It is composed of minerals like Quartz and fine organic particles.
Types of Soils
It is granular like sandy soil In case silty soil is dry it has asmoother texture and looks like dark

This type of soil can hold more moisture and at times becomes compact. It offers better
drainage and is much easier to work with when it has moisture.
Clay Soil- Clay is a kind of material that occurs naturally and consists of very fine grained
material with very less air spaces, that is the reason it is difficult to work with since the
drainage in this soil is low.

Clay soil becomes very heavy when wet.

Clay soil is formed after years of rock disintegration and weathering.

It is also formed as sedimentary deposits after the rock is weathered, eroded and
Loamy Soil- This soil consists of sand, silt and clay to some extent.

It is considered to be the perfect soil.

The texture is gritty and retains water very easily, yet the
drainage is well. Types of Soils
There are various kinds of loamy soil ranging from fertile to very muddy and thick sod.
Peaty Soil- This kind of soil is basically formed by the accumulation
of dead and decayed organic matter, it naturally contains much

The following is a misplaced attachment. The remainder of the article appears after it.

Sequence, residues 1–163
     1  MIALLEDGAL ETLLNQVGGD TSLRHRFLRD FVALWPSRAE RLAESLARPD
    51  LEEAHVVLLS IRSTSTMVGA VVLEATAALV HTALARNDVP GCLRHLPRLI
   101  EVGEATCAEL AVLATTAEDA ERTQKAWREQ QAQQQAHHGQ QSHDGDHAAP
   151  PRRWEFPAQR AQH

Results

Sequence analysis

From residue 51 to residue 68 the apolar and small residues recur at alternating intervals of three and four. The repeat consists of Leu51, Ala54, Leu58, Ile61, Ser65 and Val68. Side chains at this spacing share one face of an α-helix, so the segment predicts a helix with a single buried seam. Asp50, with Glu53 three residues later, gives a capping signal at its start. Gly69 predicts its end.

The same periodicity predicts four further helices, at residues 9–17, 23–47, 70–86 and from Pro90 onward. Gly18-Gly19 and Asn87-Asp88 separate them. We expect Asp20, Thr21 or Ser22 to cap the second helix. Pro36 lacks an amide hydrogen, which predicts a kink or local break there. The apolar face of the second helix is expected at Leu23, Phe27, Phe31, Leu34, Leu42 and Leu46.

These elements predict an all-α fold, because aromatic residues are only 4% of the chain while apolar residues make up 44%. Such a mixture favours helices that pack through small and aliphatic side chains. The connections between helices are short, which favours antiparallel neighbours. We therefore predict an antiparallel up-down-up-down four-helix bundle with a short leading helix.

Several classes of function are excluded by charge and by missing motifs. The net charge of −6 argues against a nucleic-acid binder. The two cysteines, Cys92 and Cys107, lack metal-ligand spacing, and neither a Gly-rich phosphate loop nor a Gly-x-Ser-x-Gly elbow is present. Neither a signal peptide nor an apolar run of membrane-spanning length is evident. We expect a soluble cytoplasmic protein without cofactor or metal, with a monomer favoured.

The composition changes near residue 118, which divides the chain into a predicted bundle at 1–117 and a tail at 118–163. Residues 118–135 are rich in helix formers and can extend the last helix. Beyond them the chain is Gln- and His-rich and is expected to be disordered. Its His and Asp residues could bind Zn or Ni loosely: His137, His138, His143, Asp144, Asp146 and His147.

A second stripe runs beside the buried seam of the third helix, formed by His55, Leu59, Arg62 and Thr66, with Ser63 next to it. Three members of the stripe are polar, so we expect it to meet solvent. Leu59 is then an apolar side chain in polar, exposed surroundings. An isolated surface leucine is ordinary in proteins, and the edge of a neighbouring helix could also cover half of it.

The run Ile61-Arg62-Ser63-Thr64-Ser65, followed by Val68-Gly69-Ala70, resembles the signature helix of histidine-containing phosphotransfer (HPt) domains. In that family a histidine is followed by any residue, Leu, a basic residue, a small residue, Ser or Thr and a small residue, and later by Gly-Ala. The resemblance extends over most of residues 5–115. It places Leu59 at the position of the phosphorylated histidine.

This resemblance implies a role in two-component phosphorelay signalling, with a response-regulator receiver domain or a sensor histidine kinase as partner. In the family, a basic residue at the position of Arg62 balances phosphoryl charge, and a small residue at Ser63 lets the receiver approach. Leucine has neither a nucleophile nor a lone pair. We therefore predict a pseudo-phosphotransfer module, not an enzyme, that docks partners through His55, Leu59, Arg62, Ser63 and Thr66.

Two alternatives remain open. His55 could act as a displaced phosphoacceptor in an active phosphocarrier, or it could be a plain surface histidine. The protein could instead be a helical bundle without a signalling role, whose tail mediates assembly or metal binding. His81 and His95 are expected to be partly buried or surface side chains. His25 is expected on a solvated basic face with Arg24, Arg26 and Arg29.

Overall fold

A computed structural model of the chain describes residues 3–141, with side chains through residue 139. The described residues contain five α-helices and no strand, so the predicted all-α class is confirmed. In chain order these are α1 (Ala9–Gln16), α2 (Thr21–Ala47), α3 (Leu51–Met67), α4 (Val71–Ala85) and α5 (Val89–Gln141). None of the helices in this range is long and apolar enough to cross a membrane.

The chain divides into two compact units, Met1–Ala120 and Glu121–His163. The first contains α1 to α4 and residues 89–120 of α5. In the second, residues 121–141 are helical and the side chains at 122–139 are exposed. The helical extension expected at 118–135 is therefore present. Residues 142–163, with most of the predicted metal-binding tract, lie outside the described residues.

more organic matter than most of the soils.

It is generally found in marshy areas. This kind of soil is formed in

wet climate.

Chalky Soil-Unlike Peaty soil, Chalky soil is very alkaline in nature and consists of a large
number of stones.

This kind of depends on the depth of the soil that is on the bed of chalk.

This kind of soil is prone to dryness and in summers.

Chalky Soil, apart from being dry also blocks the nutritional elements for the plants like Iron
and Magnesium.

The soil stabilization means the improvement of
stability or bearing power of the soil by the Soil Stabilization
use of controlled compaction, proportioning and/or the addition of suitable
admixture or stabilizers.

There are three purposes for soil stabilization.

The first one is strength improvement.

This increases the strength of the existing soil to enhance its load-bearing

The second purpose is for dust control.

This is done to eliminate or alleviate dust, generated by the

operation of equipment and aircraft during dry
weather or in arid climates.

The third purpose is soil waterproofing, which is done to preserve the natural
or constructed strength of a soil by preventing the entry of surface water.

Basic Principles of Soil Stabilization
Evaluating the properties of given soil
Soil Stabilization
Deciding the lacking property of soil and choose effective and economical method